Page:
For the first time, 8K footage of the Titanic has been released, allowing viewers to see the iconic ship front and center.
OceanGate Expeditions, a deep-sea exploration company based in Washington, D.C., announced this one minute clip last week.
The camera pans over the ship as Sebastian Pangal’s “Grand Chopin Nocturne” plays mesmerizingly in the background. The Titanic’s famous bow is also prominent, as is the anchor, which consists of hooks weighing 200 pounds each, and a large anchor chain.
The footage was taken during OceanGate Expeditions’ 2022 Titanic Expedition, where diving experts Titanic historians and research scientists examine the wreckage and analyze images and data with members of the public who apply and reserve space to join.
“Unprecedented 8K footage” allows viewers to see never-before-seen details, OceanGate Expeditions said in a news release.
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“When comparing footage and images from 2021, we see slight changes in certain areas of the wreck,” said Stockton Rush, president of OceanGate Expeditions. “Our science team will review the 8K, 4K and other images captured during the Titanic Expedition in 2022 for any changes. Having experts on board the Titan submersible while we dive will help them assess the wreck through direct observation, guide them in examining various features of the wreck, and use the images to allows you to continue your research using it.”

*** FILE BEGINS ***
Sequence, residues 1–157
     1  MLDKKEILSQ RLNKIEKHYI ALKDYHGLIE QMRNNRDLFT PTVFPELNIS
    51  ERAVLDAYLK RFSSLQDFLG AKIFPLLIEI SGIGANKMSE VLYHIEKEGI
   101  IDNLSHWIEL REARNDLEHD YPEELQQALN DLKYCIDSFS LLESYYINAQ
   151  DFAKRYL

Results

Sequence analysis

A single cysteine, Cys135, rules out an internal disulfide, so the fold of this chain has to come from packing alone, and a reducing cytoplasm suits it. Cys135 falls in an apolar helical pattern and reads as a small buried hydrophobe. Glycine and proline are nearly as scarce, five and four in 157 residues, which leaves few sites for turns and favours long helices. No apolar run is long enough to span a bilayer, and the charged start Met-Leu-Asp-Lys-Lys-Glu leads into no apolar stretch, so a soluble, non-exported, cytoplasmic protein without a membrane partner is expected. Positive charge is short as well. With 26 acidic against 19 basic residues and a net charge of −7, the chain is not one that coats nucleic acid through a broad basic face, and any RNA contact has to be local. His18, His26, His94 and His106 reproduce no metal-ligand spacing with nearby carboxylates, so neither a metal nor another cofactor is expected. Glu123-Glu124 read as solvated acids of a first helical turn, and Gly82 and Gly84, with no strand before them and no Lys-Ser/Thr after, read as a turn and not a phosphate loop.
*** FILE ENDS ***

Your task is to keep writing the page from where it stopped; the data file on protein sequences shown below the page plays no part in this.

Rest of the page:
8K video is a very high resolution – it contains 33 million pixels instead of the standard one 8 million.
One of the Titanic experts, Rory Golden, who accompanied the group during the Titanic explorations, noted details such as the name of anchor manufacturer Noah Hingley & Sons Ltd. on the ship’s portside anchorage.
“I’ve been studying the wreck for decades and have completed many dives, and I don’t recall seeing any other images that show this level of detail,” Golden said. “It’s interesting that after all these years, we’ve discovered a new detail that wasn’t so obvious with previous-generation camera technologies.”
The footage shows evidence of decay, according to the company. For example, some of the Titanic’s railings appear to have disintegrated and fallen away from the ship.
The company already has plans for the May 2023 expedition and said mission experts interested in joining or supporting should contact them.
Saleen Martin is a reporter for USA TODAY’s NOW team. He is from Norfolk, Virginia – 757 – and loves all things horror, witches, Christmas and food. Follow him on Twitter @Saleen_Martin or email him email@example.com.
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